On Portraying Black Femme Identity

The Phillips Collection Fellow Arianna Adade talks to Sydney Vernon about how she depicts Black womanhood. Sydney Vernon: Interior Lives is on view at Phillips@THEARC through June 6.

Sydney Vernon, Coastal Ride, 2023, Charcoal on paper, Courtesy of the artist and Kapp Kapp

How do the stories and traditions passed down in your family inspire the narratives you weave into your artwork, particularly those centered around black femme identity?

The women in my immediate family are all very different. This show was just a slice, particularly my mom’s life. It doesn’t aim to show the range; it’s more about color and form. In my paintings, I isolate between joy and trauma, and this exhibition is more on the “joy” side. I do like to represent that happy space, which is seen in a couple of my artworks. This is not a “Black girl joy” narrative in its entirety, though. I try to balance moments of benevolence and the realities of what is often expected of a specific archetype of woman.

How do you balance the intimate, personal aspects of your family and community experiences with the broader, societal conversations you aim to engage with through your art?

Three or four years ago, one of my professors asked: “If you ran out of family photos, what would you do?” This made me question if family photos are also necessary, which is when I started to move to abstraction. Barbara Chase-Riboud is one of my favorite abstract artists., but there are few Black women in the art world highlighted in abstraction. Seeing the lack of diversity in the art world, I think of art as a microcosm for showcasing Black femme identities. I want to be a bit more of a rebel and take more risks in broadening what Black women are supposed to look like.

Sydney Vernon, Untitled, 2024, Pastel and silkscreen on paper, Courtesy of the artist and Kapp Kapp

What themes or symbols do you intentionally incorporate to convey the interconnectedness of family and community in your paintings?

A new symbol I have enjoyed returning to is this head in this afro-comb as architecture. In my studio, I was thinking about what this could mean: Black women as landscape, Black women as time, etc. Through-line and blood-line are important, too. I like depth in images and backgrounds, and being able to dissect faces in artwork.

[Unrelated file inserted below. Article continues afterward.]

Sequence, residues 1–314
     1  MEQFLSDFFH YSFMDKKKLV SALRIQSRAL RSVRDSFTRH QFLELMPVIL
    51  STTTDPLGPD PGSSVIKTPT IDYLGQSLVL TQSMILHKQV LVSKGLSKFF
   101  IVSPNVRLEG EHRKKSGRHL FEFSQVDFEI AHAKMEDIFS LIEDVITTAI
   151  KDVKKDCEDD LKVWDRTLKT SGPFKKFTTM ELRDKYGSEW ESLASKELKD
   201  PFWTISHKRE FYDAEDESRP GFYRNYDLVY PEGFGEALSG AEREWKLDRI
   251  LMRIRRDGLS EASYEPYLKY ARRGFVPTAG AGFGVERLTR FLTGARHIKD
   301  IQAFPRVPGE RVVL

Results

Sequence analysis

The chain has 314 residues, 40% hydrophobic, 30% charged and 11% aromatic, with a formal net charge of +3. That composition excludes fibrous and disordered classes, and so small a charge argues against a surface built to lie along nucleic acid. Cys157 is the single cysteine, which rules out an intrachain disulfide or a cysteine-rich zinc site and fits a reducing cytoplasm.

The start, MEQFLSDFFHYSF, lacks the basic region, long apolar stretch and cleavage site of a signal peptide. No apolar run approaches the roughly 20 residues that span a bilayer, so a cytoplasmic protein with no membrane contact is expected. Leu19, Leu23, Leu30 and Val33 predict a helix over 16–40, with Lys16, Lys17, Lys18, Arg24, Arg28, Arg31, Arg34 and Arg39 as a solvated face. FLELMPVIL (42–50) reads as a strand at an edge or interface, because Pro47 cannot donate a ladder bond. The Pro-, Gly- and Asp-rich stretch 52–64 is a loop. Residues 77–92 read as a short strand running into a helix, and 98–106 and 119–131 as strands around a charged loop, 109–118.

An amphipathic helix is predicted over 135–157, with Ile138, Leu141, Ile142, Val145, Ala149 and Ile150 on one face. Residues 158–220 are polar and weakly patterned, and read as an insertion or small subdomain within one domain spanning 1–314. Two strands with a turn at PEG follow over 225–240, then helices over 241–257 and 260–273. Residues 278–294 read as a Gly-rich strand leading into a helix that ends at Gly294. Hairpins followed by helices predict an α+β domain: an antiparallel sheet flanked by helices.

Through your archival process in your artwork, how has your mother’s role in your life impacted the way you illustrate her and perceive the Black femme identity?

My mom is from the projects in New York. Her life’s mission is to find beauty in life and make life beautiful. I want to put her in art that shows her beauty and adds a specialness. I worked directly with the photos to retain the likeness of my mom. She has become a character, in a sense, in this world, and she loves it. It is more about humanity and sometimes showing vulnerability. It’s not all about strength and carrying the world on your shoulders. Just being in a space that feels safe and having a good time. It’s more of a respect thing, an exchange of caretaking through artwork and creating my mom in a world where they are immortalized.

From the personal collection of Sydney Vernon

Dupont Nature Walk with Pierre Bonnard and Carrie Vaughn

Programs Assistant Erich Brubaker on Pierre Bonnard’s connection to nature and the upcoming nature walk with Carrie Vaughn, Farm Director of THEARC Building Bridges Across the River.

“He admires the eternal beauty and the astonishing harmony of life in the capital cities, a harmony so providentially maintained in the tumult of human liberty. He gazes at the landscapes of the great city, landscapes of stone, now swathed in the mist, now struck in full face by the sun.” Charles Baudelaire, “The Painter of Modern Life” (1863)

In 1918, Pierre Bonnard paints the work The Terrace, also known in French as “Le Jardin Sauvage” (the Savage Garden).

Pierre Bonnard, The Terrace, 1918, Oil on canvas, 62 3/4 x 98 1/4 in., The Phillips Collection Acquired 1935; © 2022 Artists Rights Society (ARS), New York / ADAGP, Paris

In 2024, Carrie Vaughn watches a bug crawl across her desk.

The common thread: an appreciation for the unadulterated and commonplace beauty of the world around us, especially the allure of untamed nature in all its forms.

“The natural world is everywhere—it’s in us and all around us. Sometimes experiencing nature can be as simple as watching an insect walk across your desk or taking a deep breath after a rainstorm to smell the new perfume in the air,” says Vaughn. She currently serves as the Farm Director of THEARC Building Bridges Across the River, which began in 2010 to increase healthy food access, educational resources, and workforce development opportunities to residents of East of the Anacostia River, and now features 22 raised beds, an 18-tree orchard, a season-extending hoop house, three community compost bins, four in-ground rows, medicinal and culinary herb gardens, and a bee hive.